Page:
Oriental Pied Hornbill feeding on a spider

on 16th January 2011

Dr Tan Heok Hui documented a male Oriental Pied Hornbill (Anthracoceros albirostris) feeding on a golden orb spider (Araneidae: Nephila pilipes) at Singapore’s Sungei Buloh Wetland Reserve on 1st July 2010.

The hornbill found his way onto a trunk of a mangrove tree, broke off some small branches and proceeded to snap in the air at an unseen object. It was only when Heok Hui focused his camera on the bill did he realise that the hornbill had caught a large golden orb spider. “The hornbill proceeded to manipulate the hapless spider in its bill (above), crunching it a few times (audibly), before finally consuming it.”

Thereafter the hornbill proceeded to preen itself.

Image by Dr Tan Heok Hui.

Tan, H. H., 2010. Spider-feeding behaviour of the oriental pied hornbill. Nature in Singapore, 3: 283-286.

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YC Wee

Dr Wee played a significant role as a green advocate in Singapore through his extensive involvement in various organizations and committees: as Secretary and Chairman for the Malayan Nature Society (Singapore Branch), and with the Nature Society (Singapore) as founding President (1978-1995). He has also served in the Nature Reserve Board (1987-1989), Nature Reserves Committee (1990-1996), National Council on the Environment/Singapore Environment Council (1992-1996), Work-Group on Nature Conservation (1992) and Inter-Varsity Council on the Environment (1995-1997). He is Patron of the Singapore Gardening Society and was appointed Honorary Museum Associate of the Lee Kong Chian Natural History Museum (LKCNHM) in 2012. In 2005, Dr Wee started the Bird Ecology Study Group. With more than 6,000 entries, the website has become a valuable resource consulted by students, birdwatchers and researchers locally and internationally. The views and opinions expressed in this article are his own, and do not represent those of LKCNHM, the National University of Singapore or its affiliated institutions.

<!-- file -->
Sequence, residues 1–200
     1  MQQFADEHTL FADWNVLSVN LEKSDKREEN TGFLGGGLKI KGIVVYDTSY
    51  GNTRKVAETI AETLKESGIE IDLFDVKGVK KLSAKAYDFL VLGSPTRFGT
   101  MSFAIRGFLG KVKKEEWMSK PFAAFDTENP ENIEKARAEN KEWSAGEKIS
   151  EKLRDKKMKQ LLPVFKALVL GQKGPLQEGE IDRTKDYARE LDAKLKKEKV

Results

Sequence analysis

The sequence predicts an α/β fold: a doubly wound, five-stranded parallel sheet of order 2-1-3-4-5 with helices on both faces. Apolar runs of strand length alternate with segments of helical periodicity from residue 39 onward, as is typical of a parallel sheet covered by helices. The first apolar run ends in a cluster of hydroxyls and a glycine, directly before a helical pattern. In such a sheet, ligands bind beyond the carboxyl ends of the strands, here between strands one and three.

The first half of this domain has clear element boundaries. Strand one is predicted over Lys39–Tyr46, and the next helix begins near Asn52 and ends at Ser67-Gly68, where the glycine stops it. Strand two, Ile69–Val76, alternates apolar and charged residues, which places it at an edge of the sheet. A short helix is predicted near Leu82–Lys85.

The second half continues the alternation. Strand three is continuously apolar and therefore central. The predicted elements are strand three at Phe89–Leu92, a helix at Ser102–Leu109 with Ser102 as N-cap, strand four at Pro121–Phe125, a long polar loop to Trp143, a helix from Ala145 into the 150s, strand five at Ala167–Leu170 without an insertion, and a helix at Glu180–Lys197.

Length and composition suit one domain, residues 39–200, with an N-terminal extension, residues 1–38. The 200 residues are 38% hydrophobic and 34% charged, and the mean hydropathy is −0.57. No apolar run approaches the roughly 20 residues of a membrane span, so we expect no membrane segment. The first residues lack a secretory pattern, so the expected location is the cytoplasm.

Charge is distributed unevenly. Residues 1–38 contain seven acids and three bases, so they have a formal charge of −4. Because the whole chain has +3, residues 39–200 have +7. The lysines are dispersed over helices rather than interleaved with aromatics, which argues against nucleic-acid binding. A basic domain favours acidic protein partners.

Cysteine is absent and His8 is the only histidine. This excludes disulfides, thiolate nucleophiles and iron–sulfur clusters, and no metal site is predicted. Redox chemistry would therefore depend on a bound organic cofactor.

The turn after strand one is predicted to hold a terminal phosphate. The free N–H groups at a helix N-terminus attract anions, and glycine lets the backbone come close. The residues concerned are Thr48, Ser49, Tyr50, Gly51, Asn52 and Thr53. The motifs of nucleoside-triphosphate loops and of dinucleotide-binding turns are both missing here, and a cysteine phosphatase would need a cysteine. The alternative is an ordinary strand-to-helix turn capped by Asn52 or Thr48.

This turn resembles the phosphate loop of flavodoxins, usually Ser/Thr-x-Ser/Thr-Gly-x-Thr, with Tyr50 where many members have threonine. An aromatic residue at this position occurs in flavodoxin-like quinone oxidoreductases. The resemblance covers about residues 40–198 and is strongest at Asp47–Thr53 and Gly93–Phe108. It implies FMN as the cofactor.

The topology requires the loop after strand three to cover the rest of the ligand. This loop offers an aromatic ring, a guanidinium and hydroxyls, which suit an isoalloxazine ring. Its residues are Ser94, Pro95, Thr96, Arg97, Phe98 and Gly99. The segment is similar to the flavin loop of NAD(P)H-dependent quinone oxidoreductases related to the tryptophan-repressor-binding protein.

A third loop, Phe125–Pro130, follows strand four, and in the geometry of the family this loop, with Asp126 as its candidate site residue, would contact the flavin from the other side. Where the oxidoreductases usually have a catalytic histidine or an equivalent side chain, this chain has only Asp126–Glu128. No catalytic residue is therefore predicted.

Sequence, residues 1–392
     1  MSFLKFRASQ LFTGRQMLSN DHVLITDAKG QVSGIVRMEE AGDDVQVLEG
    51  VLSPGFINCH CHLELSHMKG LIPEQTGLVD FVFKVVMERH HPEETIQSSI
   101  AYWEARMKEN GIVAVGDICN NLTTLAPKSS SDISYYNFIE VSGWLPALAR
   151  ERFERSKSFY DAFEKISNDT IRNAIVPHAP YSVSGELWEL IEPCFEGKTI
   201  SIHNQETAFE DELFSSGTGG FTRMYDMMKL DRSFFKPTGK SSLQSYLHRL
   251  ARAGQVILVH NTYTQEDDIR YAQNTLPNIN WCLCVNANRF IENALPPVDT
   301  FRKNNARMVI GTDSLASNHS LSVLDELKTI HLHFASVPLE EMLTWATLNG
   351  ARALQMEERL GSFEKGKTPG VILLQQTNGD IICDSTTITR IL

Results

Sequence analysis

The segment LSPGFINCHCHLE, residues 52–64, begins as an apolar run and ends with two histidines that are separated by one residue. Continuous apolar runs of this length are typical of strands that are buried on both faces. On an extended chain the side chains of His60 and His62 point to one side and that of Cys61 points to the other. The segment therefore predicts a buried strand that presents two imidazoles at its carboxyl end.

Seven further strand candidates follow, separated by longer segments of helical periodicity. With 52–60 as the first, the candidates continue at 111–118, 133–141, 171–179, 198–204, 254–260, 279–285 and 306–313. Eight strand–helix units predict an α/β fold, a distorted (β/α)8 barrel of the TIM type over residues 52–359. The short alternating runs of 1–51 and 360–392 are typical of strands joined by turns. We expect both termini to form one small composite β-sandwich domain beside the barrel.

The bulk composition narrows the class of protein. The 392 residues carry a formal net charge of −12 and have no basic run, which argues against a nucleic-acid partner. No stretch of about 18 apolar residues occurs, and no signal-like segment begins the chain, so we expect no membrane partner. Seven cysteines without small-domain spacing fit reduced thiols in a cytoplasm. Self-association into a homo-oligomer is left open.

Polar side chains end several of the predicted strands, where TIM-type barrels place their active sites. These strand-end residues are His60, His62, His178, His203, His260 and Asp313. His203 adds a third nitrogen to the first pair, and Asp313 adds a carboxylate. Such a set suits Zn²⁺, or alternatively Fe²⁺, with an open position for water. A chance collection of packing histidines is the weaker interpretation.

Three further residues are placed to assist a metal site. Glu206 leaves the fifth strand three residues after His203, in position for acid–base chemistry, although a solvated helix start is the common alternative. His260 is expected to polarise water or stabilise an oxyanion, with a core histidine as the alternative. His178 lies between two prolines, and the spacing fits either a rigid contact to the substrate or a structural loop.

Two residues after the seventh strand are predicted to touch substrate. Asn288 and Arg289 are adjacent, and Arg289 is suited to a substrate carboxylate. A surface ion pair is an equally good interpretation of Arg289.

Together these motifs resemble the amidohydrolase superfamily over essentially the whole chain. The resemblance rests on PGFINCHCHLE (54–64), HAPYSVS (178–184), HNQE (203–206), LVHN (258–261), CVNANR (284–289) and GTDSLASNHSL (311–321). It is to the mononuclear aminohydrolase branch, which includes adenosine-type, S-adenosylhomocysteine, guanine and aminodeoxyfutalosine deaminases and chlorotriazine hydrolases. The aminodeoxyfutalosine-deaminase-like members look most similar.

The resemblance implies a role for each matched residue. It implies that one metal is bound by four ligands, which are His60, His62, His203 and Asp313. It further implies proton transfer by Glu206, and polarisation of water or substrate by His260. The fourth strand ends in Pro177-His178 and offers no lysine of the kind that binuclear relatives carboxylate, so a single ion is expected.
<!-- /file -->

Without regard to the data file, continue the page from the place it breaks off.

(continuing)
Other posts by YC Wee

3 Responses

  1. On the phenology of the Nephila spiders, what I see is that there are periods when few or no spiders of any size can be found in suitable habitat (mangrove and forest fringes with gaps between the vegetation for webs). Thereafter, juveniles (less than a inch long) appear in good numbers and a few months after that full sized adults become common sightings. The spiders spin their webs both near ground level and closer to the canopy) and though adults could be part of the diet of hornbills at Sg Buloh, I doubt the birds influence the spiders’ population much though, as they are fairly common by the trails, save the periodic absences.

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